John Doherty is quoted telling the tale in the book The Northern Fiddler. “It seems that Fiddler Doyle was returning home on horseback after playing at a dance party when he came to a crossroads, a place where visions had lately appeared of an old druid. As they approached the crossroads the horse, seeing the apparition when the man didn’t, shied away, and Fiddler Boyle, unaware of what might be wrong, had to exert mastery of the animal to get it to approach the road again. As horse and rider arrived at the intersection once again the vision reappeared, and this time the horse halted and threw back its head. Boyle managed to stay on the mount, but the horse’s gaze was fixed to the side, and he finally broke into a gallop. The vision stayed at the horses side and Boyle finally saw what it was. Though frightened, the fiddler and his mount finally made it home. After retreating to bed and sleep, the next morning Boyle was inspired by the rhythm of the horse’s hooves on the road and heard a reel in his mind, which he called “The Black Mare of Fanad.”
At the time we visited Port, there were no instructions on the internet to find it. It wasn’t on any maps. I finally found it on the Ordnance Survey Map, which was spread out over half the car as we were sure we had to be lost. But then there was the ocean, and there was the turn marked on the map, which looked a road to nowhere.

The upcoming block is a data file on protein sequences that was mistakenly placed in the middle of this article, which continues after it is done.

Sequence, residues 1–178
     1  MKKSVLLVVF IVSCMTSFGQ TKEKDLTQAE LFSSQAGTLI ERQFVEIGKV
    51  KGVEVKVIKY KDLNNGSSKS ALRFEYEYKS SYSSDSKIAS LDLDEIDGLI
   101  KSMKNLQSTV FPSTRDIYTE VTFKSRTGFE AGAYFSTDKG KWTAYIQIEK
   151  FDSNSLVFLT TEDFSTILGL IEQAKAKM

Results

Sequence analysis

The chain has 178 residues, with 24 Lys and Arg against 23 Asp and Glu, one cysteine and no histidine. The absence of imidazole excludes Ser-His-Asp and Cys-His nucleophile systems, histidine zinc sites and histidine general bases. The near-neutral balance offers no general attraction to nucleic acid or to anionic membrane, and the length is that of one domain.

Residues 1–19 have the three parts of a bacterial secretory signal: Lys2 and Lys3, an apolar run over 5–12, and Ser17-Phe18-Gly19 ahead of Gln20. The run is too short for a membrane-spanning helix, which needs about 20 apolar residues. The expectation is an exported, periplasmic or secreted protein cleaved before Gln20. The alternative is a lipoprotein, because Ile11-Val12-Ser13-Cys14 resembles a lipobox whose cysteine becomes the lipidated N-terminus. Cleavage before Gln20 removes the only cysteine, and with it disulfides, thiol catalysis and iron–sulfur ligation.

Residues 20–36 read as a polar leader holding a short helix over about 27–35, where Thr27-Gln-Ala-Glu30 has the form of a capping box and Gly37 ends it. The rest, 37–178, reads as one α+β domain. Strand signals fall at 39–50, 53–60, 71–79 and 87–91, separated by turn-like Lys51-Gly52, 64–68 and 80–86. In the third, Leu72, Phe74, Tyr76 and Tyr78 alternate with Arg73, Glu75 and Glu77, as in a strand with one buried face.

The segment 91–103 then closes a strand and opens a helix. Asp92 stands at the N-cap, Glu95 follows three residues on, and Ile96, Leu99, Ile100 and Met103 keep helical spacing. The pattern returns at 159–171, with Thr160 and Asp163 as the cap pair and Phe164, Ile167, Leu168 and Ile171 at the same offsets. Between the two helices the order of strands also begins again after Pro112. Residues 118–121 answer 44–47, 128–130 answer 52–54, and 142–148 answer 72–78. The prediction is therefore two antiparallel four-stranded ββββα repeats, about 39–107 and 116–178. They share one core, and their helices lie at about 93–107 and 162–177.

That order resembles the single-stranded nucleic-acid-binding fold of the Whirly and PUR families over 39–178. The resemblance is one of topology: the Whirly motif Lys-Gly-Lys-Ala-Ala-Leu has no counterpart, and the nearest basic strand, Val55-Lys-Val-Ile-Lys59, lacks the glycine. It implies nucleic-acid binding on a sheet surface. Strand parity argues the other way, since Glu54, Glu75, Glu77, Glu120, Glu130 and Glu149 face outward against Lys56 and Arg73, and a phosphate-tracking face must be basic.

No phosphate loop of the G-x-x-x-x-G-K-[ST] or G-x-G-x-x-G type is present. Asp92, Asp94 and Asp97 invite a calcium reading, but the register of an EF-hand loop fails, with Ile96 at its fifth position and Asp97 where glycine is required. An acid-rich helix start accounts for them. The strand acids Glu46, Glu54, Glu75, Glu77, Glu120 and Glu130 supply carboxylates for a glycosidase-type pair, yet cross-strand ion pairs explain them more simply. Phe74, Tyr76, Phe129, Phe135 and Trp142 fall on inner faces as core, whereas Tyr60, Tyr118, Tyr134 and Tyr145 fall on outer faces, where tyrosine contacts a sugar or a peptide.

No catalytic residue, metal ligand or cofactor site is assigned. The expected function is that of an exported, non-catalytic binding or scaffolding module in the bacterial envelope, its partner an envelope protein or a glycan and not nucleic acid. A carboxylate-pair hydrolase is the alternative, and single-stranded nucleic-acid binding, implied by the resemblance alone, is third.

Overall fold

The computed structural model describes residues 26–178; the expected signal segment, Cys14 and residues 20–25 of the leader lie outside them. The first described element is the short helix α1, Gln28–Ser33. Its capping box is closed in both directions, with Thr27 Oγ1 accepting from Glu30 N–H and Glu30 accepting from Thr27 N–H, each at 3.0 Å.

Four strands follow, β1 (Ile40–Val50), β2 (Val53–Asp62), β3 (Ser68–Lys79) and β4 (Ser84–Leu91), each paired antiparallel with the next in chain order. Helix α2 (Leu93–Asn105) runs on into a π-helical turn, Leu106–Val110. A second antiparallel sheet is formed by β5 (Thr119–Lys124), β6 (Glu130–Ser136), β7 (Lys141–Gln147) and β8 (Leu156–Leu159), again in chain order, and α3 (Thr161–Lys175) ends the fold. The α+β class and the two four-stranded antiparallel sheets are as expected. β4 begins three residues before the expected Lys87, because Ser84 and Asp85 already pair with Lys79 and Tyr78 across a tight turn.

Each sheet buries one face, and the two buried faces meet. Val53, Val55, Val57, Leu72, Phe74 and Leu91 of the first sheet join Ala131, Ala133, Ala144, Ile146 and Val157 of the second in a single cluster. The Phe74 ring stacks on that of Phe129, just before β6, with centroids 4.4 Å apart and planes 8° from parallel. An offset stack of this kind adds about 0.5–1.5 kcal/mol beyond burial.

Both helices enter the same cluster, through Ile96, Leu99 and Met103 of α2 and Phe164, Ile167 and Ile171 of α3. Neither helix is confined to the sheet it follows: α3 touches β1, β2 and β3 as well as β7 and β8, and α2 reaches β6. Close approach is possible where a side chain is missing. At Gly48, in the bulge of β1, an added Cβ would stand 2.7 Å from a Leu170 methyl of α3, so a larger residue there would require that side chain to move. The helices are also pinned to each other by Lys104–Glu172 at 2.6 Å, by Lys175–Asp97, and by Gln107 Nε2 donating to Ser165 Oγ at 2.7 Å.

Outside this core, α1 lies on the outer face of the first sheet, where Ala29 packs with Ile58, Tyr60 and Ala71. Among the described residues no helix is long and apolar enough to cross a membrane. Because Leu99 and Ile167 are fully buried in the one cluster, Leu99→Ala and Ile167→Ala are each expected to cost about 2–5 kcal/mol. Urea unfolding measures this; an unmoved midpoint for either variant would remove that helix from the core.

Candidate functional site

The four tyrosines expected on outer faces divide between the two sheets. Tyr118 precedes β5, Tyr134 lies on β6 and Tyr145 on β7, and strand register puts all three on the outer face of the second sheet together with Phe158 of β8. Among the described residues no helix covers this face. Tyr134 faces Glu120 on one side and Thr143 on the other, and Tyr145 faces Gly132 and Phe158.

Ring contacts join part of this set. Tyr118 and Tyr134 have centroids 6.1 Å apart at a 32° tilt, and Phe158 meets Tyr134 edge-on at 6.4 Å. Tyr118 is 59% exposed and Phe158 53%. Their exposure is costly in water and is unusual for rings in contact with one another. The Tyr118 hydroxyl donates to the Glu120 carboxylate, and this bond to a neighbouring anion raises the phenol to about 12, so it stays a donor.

I took it. As you come over the rise the Atlantic is below you. It’s almost like a shallow bowl, open on one side with the sea rushing in. We parked, I got out of the car to see how badly it was raining. It was tolerable, but the wind almost blew you over. Still, there were the ruined cottages just in front of me, so I took a step towards them. I sank almost to my thigh in the bog. After fishing my boot out I was pretty wet, but the coat held. I put my boot back on and said “come on.”
One of the things this area was famous for was its rope. The wind was giving a lesson in why. The winter gales that come off the north Atlantic are fierce. Concentrated in this shallow bowl, they’re amplified. These cottages date from the 19th century if not before and were roofed with thatch. Thatch is held down onto the roof with ropes and if the rope doesn’t hold, you lose the roof. The rope that these people made to hold their roofs down had to hold and so they developed their own technique. The wove together the boiled roots of fir trees which made an exceptionally strong rope, and became one of the few commodities that came from Port.
It’s believed that Port was the first port opened in county Donegal. Trawlers still come in on occasion, but the port, like Port itself is long since abandoned. It’s often said it was abandoned during the famine because of lack of food. Caoimin MacAoidh, author of Between the Jigs and Reels – which had become my defacto tour guide, told me they left because life was just too damned hard there.
And yes, on a day like today you can see why, as there’s a gloom that settles on you as wander the abandoned cottages. There are ghosts here, watching you as you move through their homes, those hardy roofs long gone, doors and windows as well, nothing left but stone skeletons.
Once there was music here, and dancing. I stood in front of a hearth in one of the larger cottages. The best place for dancing was there on the hearth stone, as it was often hollow beneath for the ashes. The hearth stone was missing, but I could see the man in his heavy boots dancing before me on it, hear the scratchy fiddle coming from the corner of the room and feel the hot breath of the people within the small space.
Though the village itself had been abandoned long before, people continued to live here for periods of time long after. It was a place to pull yourself together, to plan your next move, to hide away from the world.